Android TV boxes are fast becoming the bane of the entertainment industry, as most units sold in the market have been modified to stream shows illegally.
Some sellers are even using the Malaysian Communications and Multimedia Commission (MCMC) or Sirim label to trick users into believing that the services offered on the boxes are legitimate.
This has prompted MCMC to issue a stern warning not to misuse the labels to mislead the public into believing that it has approved illegal downloads or streaming.
The regulatory body said in a statement that the label is only meant to indicate that the WiFi and Bluetooth components used in the boxes comply with the technical standards imposed by MCMC.
The National Film Development Corporation Malaysia (Finas) chairman Datuk Hans Isaac hoped the warning would help because Android boxes preloaded with illegal apps are sold widely and openly, even in shopping centres.
“From what I see, the laws about copyright infringement are already in place and MCMC is now actively taking enforcement measures,” he said.
Johan Ishak, Media Prima Television Networks CEO, said while the MCMC announcement is good, it can’t stop there.
“More action needs to be taken against those distributing devices with illegal apps for streaming and downloading shows, as well as users who consume content illegally via various online platforms,” he said.
Astro’s group CEO Henry Tan said that the company lauded the stern warning by MCMC but enforcement is needed to make real impact.
“As it is, illicit streaming devices (ISD) are being sold openly at shopping malls and e-commerce sites,” he said.
“With one in four consumers in Malaysia using ISD, the government needs to mandate the blocking of infringing sites and clamp down on the sale of ISD.”
He said piracy is theft and the greatest scourge of the industry, as it’s robbing the industry of over RM2bil in revenue annually, over 10,000 jobs and the government of over RM330mil in tax annually.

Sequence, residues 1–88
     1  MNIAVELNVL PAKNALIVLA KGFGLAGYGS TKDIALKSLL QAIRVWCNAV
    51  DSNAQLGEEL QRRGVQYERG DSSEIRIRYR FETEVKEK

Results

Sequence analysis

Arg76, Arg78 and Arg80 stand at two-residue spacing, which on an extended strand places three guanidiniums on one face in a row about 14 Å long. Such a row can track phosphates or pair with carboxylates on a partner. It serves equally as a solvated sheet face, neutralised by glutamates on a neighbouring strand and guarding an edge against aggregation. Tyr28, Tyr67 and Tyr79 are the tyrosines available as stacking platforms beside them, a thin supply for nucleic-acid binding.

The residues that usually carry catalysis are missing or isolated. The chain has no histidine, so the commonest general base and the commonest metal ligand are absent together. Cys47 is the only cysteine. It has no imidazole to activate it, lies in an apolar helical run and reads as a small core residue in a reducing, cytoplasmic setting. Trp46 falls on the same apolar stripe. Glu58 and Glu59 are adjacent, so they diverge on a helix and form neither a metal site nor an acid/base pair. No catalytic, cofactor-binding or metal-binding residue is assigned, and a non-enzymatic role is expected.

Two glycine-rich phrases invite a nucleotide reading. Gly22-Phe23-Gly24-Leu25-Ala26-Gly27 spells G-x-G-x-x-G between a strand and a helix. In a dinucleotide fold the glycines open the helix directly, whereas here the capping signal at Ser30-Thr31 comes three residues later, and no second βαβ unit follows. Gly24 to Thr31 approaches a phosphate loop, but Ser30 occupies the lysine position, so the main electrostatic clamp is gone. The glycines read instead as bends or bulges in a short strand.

“Illegal and unmonitored piracy is now providing mainstream daily entertainment. If nothing is done, the ‘unabated open theft’ will see the industry regressing and Malaysia losing out,” he said.
Lam Swee Kim, chief marketing officer for dimsum entertainment, said the warning is a “big step” for the industry.
She said the announcement will help streaming services like dimsum deliver the message that it’s illegal to download or stream content using dubious apps on Android boxes.
However, even e-commerce platforms are not spared as such devices are being peddled there too.
A quick check on Lazada and Shopee showed multiple listings offering Android boxes with unlimited shows not just from Malaysia but other countries for free with the tagline “approved by MCMC/Sirim”.
Issac said Finas is aware of sellers offering Android boxes with illegal apps and promoting them as certified by MCMC or Sirim on e-commerce platforms.
“I think it’s up to MCMC to take action against these sellers,” he said.
Ian Ho, Shopee regional managing director, said the platform has a strict listing policy that only allows the sale of products and services that are in accordance with the Malaysian law and government bodies such as the Health Ministry, Communications and Multimedia Ministry, and Domestic Trade and Consumer Affairs Ministry.
“We understand that MCMC is providing approval to more and more TV boxes on a daily basis. In order to ensure that we do not wrongly penalise our sellers, we seek MCMC’s assistance to flag sellers who are misusing MCMC and Sirim certification to falsely advertise,” Ho said.
Ho added that even consumers can report on errant sellers offering misleading products with illegal applications.
“We urge them to report the product or seller via our report listing feature that is built-in to the app,” he said.
A Lazada Malaysia spokesperson said the company is committed towards making the platform safe and reliable for all.
“We have been in close consultation with MCMC and Sirim, and have been working closely with the authorities to make sure necessary actions are taken to ensure compliance, such as removing offending products from our platform,” the spokesperson said.
Lam said e-commerce platforms should remind sellers not to misuse MCMC or Sirim certification.
“If service providers have the responsibility to remove certain content due to complaints, shouldn’t e-commerce platforms do the same as well?” she said.
Lam said the platforms shouldn’t play the ignorant card and claim that they don’t know what the sellers are offering as an excuse.